Founder of Wagner Vineyards Estate Winery
1927 – 2010
Wagner Vineyards founder, Bill Wagner, passed away at his home at the age of 83, on June 26, 2010. While he is greatly missed, his legacy lives on in the form of the business he built – literally from the ground up – and the family members that are carrying on.
Bill was regarded as a true pioneer and leader in the New York wine industry. When he started Wagner Vineyards more than 30 years ago, only a handful of wineries existed in the Finger Lakes region. Today there are over 100.
Below is the NYWGF article penned by Jim Trezise, published shortly after Bill’s passing.
BILL WAGNER, one of the true pioneers and great guys of the New York grape and wine industry, passed away last weekend at the ripe age of 83.
Bill was one of a kind: When they created him, they threw away the mold. A tall, thin, lanky farmer with an impish smile under a silver mustache, most at ease in jeans and a denim shirt, Bill was always on the leading edge of experimentation and change. He planted one of the Finger Lakes’ largest and most varietally diverse vineyards, including Native varieties, Cornell creations, and Riesling when it was still highly unknown and seen as risky in the region. The gleam in his eye reflected unbridled optimism: The first time I ever met him, in 1982, he proudly handed me a glass of Wagner 1981 Riesling from vines recovering from the Christmas Massacre of 1980 (sudden deep freeze) and said, “See how tough we are?” The wine was stunning.
He opened his winery in 1979, among the first to capitalize on the Farm Winery Act of 1976, and designed the extremely efficient and iconic octagonal winery with the cellars underground taking advantage of nature’s cooling system. When we got major winery deregulation legislation in 1984, he was the first to establish “satellite stores” in Manhattan, Syracuse, and the Thousand Islands region. He also opened the “Ginny Lee Café”, named for his granddaughter, and later created a micro-brewery which complements great wines and food with great brews.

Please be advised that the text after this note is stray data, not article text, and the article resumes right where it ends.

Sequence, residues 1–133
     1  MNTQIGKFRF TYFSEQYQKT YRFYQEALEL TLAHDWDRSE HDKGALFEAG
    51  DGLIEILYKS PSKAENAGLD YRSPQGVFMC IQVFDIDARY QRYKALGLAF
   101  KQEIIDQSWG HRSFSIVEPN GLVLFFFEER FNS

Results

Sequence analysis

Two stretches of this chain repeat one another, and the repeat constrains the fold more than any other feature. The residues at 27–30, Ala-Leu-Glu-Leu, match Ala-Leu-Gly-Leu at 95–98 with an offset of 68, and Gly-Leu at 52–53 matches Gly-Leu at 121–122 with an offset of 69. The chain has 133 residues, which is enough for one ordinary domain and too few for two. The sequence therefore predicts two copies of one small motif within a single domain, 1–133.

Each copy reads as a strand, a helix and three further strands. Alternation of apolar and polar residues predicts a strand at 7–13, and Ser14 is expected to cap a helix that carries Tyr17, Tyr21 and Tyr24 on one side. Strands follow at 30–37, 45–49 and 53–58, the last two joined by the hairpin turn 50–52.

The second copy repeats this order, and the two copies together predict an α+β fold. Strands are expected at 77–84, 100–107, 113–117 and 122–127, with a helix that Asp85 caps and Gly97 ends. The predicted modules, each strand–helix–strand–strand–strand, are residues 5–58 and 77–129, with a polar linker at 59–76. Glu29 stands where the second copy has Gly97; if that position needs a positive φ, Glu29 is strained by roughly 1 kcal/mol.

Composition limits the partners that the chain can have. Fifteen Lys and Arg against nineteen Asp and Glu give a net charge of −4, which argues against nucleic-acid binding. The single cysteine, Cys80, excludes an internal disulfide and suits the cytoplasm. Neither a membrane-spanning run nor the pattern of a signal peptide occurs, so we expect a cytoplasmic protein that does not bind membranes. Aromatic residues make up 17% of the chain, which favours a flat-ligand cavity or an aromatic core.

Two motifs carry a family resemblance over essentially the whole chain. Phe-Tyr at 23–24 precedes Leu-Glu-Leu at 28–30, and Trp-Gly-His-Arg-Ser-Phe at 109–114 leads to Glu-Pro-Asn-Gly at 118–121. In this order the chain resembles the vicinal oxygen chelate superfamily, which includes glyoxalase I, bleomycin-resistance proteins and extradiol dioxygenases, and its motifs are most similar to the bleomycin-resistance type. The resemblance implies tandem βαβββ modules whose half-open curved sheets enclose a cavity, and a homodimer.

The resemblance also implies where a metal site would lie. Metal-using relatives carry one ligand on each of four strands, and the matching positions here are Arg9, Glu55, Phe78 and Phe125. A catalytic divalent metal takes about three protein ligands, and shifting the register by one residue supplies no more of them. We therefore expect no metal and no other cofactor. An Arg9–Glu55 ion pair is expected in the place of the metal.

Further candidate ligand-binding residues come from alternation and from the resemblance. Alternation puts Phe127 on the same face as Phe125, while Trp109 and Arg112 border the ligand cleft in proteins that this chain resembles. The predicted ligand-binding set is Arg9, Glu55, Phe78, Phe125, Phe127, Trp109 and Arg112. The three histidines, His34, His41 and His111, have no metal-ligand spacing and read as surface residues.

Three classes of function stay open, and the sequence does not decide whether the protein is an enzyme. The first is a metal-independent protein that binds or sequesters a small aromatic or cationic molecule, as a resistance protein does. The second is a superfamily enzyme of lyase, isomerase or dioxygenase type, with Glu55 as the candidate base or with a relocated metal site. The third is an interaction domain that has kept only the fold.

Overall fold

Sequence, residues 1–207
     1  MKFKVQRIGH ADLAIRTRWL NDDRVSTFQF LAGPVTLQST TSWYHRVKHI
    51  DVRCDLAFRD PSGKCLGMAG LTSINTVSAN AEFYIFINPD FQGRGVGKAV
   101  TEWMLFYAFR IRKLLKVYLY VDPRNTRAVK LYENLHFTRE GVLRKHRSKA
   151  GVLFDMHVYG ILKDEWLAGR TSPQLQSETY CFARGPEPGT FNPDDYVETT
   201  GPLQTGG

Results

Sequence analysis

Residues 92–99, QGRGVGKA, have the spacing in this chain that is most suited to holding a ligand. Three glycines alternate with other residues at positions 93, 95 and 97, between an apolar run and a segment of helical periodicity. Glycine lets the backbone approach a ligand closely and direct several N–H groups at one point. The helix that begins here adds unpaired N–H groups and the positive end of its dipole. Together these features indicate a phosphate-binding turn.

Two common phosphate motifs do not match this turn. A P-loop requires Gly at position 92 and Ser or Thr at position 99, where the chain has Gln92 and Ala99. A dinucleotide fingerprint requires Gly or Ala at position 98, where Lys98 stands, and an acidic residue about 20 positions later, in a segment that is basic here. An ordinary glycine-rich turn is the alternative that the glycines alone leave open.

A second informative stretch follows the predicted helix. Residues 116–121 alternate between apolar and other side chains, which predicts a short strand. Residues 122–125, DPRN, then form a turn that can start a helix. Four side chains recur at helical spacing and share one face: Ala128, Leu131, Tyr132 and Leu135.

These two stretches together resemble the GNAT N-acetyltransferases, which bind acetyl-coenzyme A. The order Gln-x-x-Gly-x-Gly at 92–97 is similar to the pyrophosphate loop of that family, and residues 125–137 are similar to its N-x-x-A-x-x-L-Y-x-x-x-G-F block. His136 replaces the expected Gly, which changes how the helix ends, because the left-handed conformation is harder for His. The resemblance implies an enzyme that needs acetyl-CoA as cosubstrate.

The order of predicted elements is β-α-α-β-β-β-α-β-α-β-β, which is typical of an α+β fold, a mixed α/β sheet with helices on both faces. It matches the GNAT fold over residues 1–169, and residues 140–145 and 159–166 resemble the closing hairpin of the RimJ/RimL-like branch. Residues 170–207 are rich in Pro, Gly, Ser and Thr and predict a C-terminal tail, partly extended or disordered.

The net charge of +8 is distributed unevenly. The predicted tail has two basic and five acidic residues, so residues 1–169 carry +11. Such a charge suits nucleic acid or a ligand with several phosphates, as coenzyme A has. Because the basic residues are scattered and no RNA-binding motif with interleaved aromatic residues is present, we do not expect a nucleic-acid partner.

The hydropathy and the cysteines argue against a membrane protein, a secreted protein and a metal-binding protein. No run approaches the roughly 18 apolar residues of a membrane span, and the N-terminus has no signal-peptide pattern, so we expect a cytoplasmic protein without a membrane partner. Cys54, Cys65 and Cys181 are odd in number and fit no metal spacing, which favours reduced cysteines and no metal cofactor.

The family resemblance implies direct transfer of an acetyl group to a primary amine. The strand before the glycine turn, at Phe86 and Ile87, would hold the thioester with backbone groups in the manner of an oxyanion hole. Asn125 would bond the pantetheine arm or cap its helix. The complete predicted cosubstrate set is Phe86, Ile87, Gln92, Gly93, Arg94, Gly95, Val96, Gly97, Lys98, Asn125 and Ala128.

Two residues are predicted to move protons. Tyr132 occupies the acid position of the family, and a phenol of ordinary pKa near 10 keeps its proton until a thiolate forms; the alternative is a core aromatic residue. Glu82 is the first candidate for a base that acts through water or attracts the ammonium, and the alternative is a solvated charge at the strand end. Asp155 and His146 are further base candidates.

He was an incredibly healthy guy, always believing that moderate wine consumption with immoderate garlic consumption and regular exercise were keys to longevity—and he proved it.
Bill was afraid of nothing, including failure, and no one, including commercial bullies. His satellite store on East 67th St. in Manhattan didn’t fly, so he closed it. When in 1984 former Governor Mario Cuomo proposed wine in grocery stores to help struggling grape farmers, Bill was quoted in a newspaper as saying that his winery was doing fine in liquor stores, but he also understood the growers’ perspective about the need for a greatly expanded market. His wholesaler called him that day and told him to come and pick up all his wine because they would no longer represent Wagner. That wholesaler is now defunct; Wagner Vineyards lives on.
But to me, the best thing about Bill Wagner was that he was a team player, a good listener, and an upfront guy. He understood the power of unity, as independent a person as he was in so many ways. He was always respectful of other opinions, even when he disagreed and said so, agreeably. He said what he meant, and meant what he said. No need to read between the lines: there weren’t any.
The New York wine industry has grown astronomically since Wagner Vineyards opened decades ago, now with some 50 wineries circling Seneca Lake alone, but it is good for all of us to remember that we stand on the shoulders of Bill Wagner and people like him who had the vision, courage, and commitment to take huge risks and turn them into realities. Happily, his sons John and Stephen and daughter Laura continue that tradition.